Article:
11:30am Wednesday 08 July 2020

Healthy food choices under scrutiny

The study is led by Associate Professor Cliona Ni Mhurchu, from the National Institute for Health Innovation at The University of Auckland’s School of Population and Health. The investigation team will include leading researchers from both The University of Auckland and Otago University, as well as input from the George Institute for Global Health and Oxford University.

The research programme was able to go ahead after successfully gaining nearly $5 million funding, in the Health Research Council’s latest round, to investigate effective interventions and policies to improve population nutrition and health.

Unhealthy diet plays a role in 11,000 deaths each year in New Zealand, and healthier diets are important in preventing common diseases like heart disease, stroke, cancer, and diabetes.

“Supporting people to make healthier food choices has important health benefits,” says Dr Ni Mhurchu. “We aim to produce world-leading comprehensive evidence on effective strategies to support healthier diets.”

This research programme will assess the impact of different ways to improve diets including:

• the introduction of simple front-of-pack nutrition labels
• changes in food prices (making healthy foods cheaper and unhealthy foods more expensive)
• changes to the composition of foods to reduce salt and saturated fat and
• restriction of food marketing to children.

These approaches are difficult to implement and evaluate in everyday life, so the research team will use leading-edge technologies to test interventions and measure their effects on diets and long-term health.

“Our research will provide vital information directly relevant to national and international policies on the most effective and cost-effective ways to improve population diets and health,” she says.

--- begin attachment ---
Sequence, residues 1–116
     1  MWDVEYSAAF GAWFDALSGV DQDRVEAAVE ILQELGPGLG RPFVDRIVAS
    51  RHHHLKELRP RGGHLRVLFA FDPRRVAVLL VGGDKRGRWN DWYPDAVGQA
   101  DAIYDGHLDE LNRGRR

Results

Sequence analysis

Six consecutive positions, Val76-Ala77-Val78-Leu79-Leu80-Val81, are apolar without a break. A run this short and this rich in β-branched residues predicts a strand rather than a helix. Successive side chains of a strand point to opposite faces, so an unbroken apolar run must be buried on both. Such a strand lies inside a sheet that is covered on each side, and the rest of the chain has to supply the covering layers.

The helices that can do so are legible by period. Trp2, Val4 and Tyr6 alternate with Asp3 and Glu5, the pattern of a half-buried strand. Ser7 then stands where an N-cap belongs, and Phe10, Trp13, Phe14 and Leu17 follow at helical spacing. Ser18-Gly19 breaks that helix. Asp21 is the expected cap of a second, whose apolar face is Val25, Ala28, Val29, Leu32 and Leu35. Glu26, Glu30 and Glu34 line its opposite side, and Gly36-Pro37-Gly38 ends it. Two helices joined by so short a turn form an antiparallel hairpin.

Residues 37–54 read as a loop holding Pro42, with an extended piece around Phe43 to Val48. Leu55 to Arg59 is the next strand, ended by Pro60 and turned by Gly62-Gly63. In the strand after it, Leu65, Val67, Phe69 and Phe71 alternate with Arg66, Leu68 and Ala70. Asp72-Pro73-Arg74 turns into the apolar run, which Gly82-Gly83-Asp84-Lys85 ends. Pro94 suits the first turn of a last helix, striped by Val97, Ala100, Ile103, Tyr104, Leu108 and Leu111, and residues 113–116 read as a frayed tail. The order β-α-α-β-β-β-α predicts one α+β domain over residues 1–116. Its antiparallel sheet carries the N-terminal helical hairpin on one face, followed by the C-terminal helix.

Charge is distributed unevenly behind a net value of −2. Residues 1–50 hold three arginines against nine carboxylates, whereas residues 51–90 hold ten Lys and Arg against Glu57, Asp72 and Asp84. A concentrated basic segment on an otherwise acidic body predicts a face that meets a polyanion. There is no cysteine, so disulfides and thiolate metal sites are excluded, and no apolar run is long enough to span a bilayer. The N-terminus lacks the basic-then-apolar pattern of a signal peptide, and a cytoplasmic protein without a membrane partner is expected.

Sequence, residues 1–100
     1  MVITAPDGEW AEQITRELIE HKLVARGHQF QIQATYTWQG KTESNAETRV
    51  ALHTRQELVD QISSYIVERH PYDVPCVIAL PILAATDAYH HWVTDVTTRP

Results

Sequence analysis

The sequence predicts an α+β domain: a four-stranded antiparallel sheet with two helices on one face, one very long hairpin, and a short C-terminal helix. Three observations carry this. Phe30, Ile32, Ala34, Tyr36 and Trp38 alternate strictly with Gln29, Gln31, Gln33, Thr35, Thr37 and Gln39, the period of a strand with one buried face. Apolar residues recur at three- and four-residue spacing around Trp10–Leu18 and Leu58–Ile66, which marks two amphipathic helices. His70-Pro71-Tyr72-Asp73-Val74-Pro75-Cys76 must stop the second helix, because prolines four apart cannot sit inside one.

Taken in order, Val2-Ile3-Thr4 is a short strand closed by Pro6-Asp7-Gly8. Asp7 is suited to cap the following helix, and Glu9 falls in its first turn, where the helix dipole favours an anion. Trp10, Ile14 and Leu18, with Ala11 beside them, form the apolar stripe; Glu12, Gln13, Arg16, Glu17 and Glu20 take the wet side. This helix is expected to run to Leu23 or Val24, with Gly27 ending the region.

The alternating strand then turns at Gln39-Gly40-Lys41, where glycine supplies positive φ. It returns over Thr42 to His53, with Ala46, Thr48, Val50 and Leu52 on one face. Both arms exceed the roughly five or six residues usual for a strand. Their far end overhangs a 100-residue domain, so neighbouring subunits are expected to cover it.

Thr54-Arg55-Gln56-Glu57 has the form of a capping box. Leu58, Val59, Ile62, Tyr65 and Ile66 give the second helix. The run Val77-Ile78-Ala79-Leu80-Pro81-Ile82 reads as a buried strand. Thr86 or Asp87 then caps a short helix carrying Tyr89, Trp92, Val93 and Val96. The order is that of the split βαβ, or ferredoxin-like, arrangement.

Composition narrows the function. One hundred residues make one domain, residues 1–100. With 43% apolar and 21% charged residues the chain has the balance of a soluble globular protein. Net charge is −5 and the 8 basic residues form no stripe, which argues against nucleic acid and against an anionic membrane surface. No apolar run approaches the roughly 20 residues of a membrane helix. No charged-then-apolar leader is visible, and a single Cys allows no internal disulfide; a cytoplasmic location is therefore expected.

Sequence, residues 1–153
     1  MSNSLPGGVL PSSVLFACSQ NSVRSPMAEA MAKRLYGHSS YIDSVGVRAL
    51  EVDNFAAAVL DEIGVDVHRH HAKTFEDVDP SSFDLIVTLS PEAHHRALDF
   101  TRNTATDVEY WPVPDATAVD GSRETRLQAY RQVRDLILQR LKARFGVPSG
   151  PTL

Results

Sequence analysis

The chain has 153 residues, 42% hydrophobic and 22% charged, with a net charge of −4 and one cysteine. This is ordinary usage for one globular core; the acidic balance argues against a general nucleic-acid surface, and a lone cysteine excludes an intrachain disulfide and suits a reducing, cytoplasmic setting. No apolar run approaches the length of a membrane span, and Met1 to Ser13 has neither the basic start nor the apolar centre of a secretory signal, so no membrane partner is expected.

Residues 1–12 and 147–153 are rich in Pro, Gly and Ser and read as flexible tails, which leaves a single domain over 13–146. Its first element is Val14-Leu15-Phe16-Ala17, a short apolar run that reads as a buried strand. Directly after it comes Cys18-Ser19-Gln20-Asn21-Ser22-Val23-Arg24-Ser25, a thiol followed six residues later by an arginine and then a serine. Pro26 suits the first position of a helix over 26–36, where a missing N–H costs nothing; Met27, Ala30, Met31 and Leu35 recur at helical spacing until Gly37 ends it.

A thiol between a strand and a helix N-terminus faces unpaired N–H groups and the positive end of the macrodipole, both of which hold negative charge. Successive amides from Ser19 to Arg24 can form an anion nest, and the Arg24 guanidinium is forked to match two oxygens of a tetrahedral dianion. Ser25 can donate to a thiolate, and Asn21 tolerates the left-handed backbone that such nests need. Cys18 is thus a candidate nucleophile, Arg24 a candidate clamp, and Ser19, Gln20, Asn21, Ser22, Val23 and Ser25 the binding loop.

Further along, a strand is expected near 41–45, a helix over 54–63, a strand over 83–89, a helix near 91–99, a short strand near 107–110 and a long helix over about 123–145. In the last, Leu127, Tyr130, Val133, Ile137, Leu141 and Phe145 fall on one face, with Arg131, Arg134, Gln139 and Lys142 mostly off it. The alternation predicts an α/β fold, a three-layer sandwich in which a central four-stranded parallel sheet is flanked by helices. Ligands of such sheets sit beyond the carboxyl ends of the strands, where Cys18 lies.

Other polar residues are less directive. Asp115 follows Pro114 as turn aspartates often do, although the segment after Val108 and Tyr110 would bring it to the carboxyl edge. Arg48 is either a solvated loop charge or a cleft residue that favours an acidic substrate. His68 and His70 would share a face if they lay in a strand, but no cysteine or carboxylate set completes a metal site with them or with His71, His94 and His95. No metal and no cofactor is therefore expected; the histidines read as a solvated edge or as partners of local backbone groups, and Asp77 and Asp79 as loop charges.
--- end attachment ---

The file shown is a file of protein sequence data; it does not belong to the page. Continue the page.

“For example, governments throughout the world, including New Zealand, are proposing to implement front-of-pack nutrition labelling systems,” says Dr Ni Murchu. “But there is almost no evidence regarding the impact of front-of-pack labels on the foods people buy.”

“Similarly, little is known about children’s exposure to non-TV advertising and there has been no quantification of children’s exposure to the full range of marketing media.”

“We live in obesogenic environments, and pricing of food is a major factor,” she says.
“Soda taxes, saturated fat taxes and healthy food subsidies are increasingly proposed as a policy response to poor nutrition, and determining the health effect (and cost) of these, and other price mechanisms, is a key policy issue.”

“At the heart of answering these important policy questions of our time are price elasticities. They are woefully inadequate,” she says. “We propose to improve this situation.”

During the study, the team will ensure there is Maori and Pacific representation on the Programme Advisory Group and have oversight from a Maori perspective throughout the programme with analysis by ethnicity and income for all interventions.

The University of Auckland

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